To facilitate the synchronous induction of meiosis, we studied a temperature-sensitive pat1 strain of Schizosaccharomyces pombe. Pat1p is a negative regulator of meiosis, and its inactivation results in the synchronous induction of meiosis with high recombination and viability rates (22). Cells were synchronized in the G1 phase of the cell cycle by nitrogen deprivation and shifted to the restrictive temperature to induce meiosis (Fig. 1). We showed (18) that Tyr15 of Cdc2p is phosphorylated during interphase and dephosphorylated on entry into MI. In addition, this phosphorylation is maintained in mei4 mutant cells (20) [supporting information (SI) Fig. 5]. To investigate whether phosphorylation of Cdc2p on Tyr15 is responsible for the arrest of mei4 mutant cells, we constructed a mei4 mik1 wee1 strain in which this residue of Cdc2p would be expected to be dephosphorylated at the restrictive temperature. We found that mei4 mik1 wee1 cells entered into MI with kinetics almost identical to those of mik1 wee1 cells (Fig. 1). Similar results were obtained with haploid cells (SI Fig. 6). Cdc2p on Tyr15 was dephosphorylated in mei4 mik1 wee1 cells as it was in mik1 wee1 cells (SI Fig. 5) (18). These data suggested that phosphorylation of Cdc2p on Tyr15 is largely responsible for the arrest of mei4 mutant cells. In addition, overexpression of cdc25+ (mei4 cdc25+-OP) or loss of function of wee1+ (mei4 wee1) induced meiotic division in mei4 mutant cells (Fig. 1). Partial suppression in these cells is likely to be attributable to the incomplete dephosphorylation of Cdc2p on Tyr15, which may be caused by an insufficient induction of cdc25+ mRNA for mei4 cdc25+-OP cells or the presence of mik1+ gene for mei4 wee1 cells. Taken together, these data suggest that regulation of cdc25+ and wee1+ is essential for mei4+ function in nuclear division. Cells in which Tyr15 of Cdc2p was replaced with phenylalanine failed or were severely delayed to enter premeiotic DNA replication in pat1-induced meiosis (data not shown).

Fig. 1.
Forced dephosphorylation of Cdc2p on Tyr15 induces meiotic nuclear division in mei4 mutant cells without a delay. Cells of the indicated genotypes (WT, HM1307; mei4, HM2163; mik1 wee1, HM605; mei4 mik1 wee1, HM1959; wee1, HM4739; mei4 wee1, HM3799; cdc25 ...

cdc25+ Is a Target Gene of Mei4p.

Our data implicated cell cycle-related genes responsible for phosphorylation of Cdc2p on Tyr15 as targets of Mei4p. We therefore next examined the amount of cdc25+ mRNA in both WT and mei4 cells by Northern blot analysis (Fig. 2A). The abundance of cdc25+ mRNA increased around the onset of MI in WT cells, consistent with previous observations (10, 23). In mei4 mutant cells, however, the level of cdc25+ mRNA remained low (23). To exclude the possibility that the lack of induction of cdc25+ mRNA in these latter cells was attributable to arrest of the cell cycle, we measured the amount of cdc25+ transcripts in mei4 mik1 wee1 cells. Although the level of cdc25+ mRNA increased earlier in mik1 wee1 cells than in WT cells, it remained largely unchanged in mei4 mik1 wee1 cells. These results suggested that Mei4p regulates the level of cdc25+ mRNA directly.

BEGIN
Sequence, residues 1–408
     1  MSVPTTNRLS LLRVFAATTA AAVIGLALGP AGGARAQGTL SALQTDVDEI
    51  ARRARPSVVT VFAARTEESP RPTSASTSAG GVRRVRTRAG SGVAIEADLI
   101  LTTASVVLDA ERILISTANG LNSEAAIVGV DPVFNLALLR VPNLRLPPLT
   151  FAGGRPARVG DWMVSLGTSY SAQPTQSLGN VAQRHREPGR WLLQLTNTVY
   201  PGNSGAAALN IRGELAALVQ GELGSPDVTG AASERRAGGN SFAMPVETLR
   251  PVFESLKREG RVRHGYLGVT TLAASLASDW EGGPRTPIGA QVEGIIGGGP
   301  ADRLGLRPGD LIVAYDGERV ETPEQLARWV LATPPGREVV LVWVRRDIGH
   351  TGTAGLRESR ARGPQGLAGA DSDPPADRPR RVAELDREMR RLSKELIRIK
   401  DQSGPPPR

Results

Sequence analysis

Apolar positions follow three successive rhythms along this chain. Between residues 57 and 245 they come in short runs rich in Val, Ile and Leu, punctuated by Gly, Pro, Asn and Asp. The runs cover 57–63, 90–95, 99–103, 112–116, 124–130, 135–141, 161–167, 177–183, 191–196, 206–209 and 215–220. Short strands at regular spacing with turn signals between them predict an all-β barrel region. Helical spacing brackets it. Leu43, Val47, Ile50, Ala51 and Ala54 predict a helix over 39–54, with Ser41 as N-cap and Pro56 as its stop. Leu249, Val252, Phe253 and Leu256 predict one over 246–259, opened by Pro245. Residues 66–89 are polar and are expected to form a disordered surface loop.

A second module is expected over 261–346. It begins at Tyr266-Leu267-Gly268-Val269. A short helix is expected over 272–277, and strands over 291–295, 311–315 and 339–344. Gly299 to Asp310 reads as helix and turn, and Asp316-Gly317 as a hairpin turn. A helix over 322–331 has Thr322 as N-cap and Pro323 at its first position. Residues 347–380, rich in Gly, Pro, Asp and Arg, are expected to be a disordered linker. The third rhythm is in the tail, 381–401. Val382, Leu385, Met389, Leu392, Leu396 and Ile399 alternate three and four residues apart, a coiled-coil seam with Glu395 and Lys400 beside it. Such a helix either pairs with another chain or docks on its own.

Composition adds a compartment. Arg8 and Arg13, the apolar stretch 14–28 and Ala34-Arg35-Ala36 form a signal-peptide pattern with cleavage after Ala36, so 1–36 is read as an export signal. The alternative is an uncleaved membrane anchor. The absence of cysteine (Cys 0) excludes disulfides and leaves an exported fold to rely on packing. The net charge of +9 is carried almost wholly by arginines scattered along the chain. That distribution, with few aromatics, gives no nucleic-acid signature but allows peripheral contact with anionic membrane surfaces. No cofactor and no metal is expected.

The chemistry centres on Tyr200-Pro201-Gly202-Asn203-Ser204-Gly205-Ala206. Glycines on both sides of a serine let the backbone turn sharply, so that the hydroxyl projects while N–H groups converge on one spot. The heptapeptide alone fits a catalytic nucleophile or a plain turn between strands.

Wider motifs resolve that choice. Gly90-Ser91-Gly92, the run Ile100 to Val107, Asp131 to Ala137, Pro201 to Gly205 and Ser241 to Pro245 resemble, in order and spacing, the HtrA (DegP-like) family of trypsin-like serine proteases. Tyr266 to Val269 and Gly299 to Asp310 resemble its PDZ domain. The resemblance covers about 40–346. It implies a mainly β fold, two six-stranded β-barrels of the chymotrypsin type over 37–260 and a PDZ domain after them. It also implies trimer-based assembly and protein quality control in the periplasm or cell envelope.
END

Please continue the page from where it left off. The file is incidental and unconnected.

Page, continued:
Fig. 2.
Expression of cdc25+ and spo6+ during meiosis and effects of mei4+ overexpression or mutation. (A) Cells of the indicated genotypes (WT, HM1307; mei4, HM2163; mik1 wee1, HM605; mei4 mik1 wee1, HM1959; and mei4+-OP, HM4582) were subjected to synchronous ...

We also examined the abundance of Cdc25p in both WT and mei4 cells (Fig. 2B). Similar to the results obtained for its mRNA, the amount of Cdc25p increased around the onset of MI in WT cells but remained unchanged in mei4 cells. In addition, the level of Cdc25p increased earlier in mik1 wee1 cells than in WT cells, but it remained largely unchanged in mei4 mik1 wee1 cells. The correlation between the expression of cdc25+ at the mRNA and protein levels suggested that regulation of the abundance of the mRNA is important for physiological gene function. Similar results regarding expression of cdc25+ at both the mRNA and protein levels were obtained with haploid cells (SI Figs. 7 and 8).

Overexpression of Mei4p Induces Early Onset of Meiotic Nuclear Division.

Our data suggested that cdc25+ is an important target of Mei4p in regulation of entry into and progression through meiotic nuclear division. Ectopic expression of Mei4p would therefore be expected to induce an early onset of such division. To test this hypothesis, we engineered expression of mei4+ under the control of the thiamine-sensitive nmt1 promoter (mei4+-OP) in meiotic cells. The cells entered S phase with kinetics similar to those apparent for the control strain (data not shown), but they entered MI ≈1.5 h earlier than did the control strain (Fig. 1). The up-regulation of cdc25+ expression, at both the mRNA and protein levels, was also detected earlier in the manipulated cells (Fig. 2 A and B). These results thus supported the notion that Mei4p is a rate-limiting factor in control of the entry of cells into meiotic nuclear division and that it mediates such control by up-regulating cdc25+ transcription. However, we cannot completely rule out the possibility that there is another mechanism that controls the level of Cdc25p, because the appearance of Cdc25p was slightly delayed compared with its mRNA in the manipulated cells.